The Sedona Conference and Its Impact on E-Discovery

Publication of M. Berman, et al., eds., ELECTRONICALLY STORED INFORMATION IN THE MARYLAND COURTS (2020)
May 12, 2020
Rule 26(g) Sanctions for Failure to Supervise Document Collection and Review
November 27, 2020

Kenneth J. Withers of the Sedona Conference has posted a chapter from M. Berman, et al., eds., “Electronic Discovery in Maryland Courts” (MSBA 2020), on the Sedona Conference’s web site.  The Sedona Conference has had, and continues to have, a pivotal role in e-discovery.  Sedona papers were cited by the Court of Appeals of Maryland in drafting Maryland’s January 2008 ESI Rules.  Kenneth’s chapter describes in detail the thought process behind the influential Sedona Principles and other papers.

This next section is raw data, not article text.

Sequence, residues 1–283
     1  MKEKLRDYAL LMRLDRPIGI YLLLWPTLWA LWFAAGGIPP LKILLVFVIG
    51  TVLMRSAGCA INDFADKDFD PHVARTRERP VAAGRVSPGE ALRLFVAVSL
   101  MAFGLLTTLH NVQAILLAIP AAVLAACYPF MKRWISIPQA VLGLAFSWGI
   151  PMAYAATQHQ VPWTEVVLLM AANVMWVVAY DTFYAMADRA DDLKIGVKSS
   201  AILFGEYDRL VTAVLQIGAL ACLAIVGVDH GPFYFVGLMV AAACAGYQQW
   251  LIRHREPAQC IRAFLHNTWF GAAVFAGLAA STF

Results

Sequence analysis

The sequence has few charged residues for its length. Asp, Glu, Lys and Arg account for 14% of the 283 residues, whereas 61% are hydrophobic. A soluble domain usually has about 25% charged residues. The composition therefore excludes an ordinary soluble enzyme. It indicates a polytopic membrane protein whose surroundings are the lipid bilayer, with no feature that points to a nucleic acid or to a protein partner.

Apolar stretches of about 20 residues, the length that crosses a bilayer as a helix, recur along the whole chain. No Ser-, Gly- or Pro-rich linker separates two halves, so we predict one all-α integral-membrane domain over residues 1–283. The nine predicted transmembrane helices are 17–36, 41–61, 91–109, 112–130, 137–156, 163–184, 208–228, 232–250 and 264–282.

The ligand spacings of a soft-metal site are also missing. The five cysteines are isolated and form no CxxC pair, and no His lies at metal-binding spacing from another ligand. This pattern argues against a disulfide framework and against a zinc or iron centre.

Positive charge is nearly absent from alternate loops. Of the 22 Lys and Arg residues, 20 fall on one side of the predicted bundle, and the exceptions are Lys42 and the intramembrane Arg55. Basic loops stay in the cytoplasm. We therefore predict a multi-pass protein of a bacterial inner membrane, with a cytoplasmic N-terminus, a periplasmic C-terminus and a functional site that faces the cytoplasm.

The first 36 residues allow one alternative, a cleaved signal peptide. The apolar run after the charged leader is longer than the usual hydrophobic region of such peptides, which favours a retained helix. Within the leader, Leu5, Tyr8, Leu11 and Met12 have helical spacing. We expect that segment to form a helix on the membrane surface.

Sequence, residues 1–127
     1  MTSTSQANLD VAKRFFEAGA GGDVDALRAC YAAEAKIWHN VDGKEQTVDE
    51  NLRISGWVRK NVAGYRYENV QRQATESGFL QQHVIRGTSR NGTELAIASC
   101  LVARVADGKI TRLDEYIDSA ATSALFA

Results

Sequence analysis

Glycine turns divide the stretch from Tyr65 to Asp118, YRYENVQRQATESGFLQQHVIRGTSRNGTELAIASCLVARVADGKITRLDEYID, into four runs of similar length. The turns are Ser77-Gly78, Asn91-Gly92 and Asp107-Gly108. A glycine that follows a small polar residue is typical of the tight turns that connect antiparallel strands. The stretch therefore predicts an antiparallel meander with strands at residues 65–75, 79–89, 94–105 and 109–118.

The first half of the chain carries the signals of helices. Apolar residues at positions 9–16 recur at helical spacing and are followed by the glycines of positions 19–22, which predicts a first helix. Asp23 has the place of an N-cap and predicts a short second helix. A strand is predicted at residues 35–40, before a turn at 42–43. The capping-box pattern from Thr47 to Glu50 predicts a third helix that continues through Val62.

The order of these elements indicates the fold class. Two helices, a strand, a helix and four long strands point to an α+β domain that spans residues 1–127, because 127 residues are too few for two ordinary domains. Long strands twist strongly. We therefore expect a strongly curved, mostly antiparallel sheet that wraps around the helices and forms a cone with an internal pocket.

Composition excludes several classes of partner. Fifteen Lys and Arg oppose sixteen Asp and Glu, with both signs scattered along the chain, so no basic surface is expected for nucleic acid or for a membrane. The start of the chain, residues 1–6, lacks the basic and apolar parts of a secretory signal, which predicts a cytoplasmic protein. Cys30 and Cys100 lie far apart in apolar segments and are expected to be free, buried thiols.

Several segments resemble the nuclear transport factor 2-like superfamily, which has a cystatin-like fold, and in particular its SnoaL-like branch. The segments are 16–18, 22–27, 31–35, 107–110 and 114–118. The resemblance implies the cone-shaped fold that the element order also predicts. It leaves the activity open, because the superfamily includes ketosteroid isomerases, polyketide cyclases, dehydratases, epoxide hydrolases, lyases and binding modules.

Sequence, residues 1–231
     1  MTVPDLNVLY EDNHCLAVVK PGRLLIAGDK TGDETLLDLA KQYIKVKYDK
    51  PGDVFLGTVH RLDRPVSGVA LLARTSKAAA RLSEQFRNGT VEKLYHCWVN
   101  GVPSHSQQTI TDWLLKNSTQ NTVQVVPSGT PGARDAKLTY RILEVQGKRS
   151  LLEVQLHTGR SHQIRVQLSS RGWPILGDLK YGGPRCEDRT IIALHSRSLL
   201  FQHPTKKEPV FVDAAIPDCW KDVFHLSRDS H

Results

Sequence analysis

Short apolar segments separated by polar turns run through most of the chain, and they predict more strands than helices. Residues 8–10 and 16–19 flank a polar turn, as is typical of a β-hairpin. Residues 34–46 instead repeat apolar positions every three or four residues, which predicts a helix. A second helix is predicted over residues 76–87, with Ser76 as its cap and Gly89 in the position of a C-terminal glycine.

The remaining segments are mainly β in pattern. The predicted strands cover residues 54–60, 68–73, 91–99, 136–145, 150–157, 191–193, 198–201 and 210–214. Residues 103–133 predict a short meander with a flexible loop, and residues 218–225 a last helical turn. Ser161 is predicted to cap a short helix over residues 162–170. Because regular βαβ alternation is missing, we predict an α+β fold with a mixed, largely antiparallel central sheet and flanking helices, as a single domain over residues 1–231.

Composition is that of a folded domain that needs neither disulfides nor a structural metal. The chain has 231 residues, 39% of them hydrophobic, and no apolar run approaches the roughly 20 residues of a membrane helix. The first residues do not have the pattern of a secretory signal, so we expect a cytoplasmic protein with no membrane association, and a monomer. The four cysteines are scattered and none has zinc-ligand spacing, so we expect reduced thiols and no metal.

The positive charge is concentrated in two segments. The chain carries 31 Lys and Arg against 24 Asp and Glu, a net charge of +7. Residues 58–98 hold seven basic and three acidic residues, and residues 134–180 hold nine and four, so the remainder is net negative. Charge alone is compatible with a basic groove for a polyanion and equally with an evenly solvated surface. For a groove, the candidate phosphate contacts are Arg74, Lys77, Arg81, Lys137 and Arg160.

Kenneth describes the unique methodology, designed by Richard G. Braman (1953 – 2014), used to prepare Sedona’s influential works.  He also describes how the seminal “Cooperation Proclamation” came to be.

The Sedona Conference’s publications are available at no charge from the publications page of its web site.

Sedona is a small city in the high desert of Arizona, spread among the rugged canyons and mesas of the Oak Creek Valley, about thirty miles south of Flagstaff. It is home to a vibrant community of cowboy artists, retirees, and a few hardy descendants of the original homesteaders who have coaxed apples and wine grapes from the dry, rocky soil for a century and a half.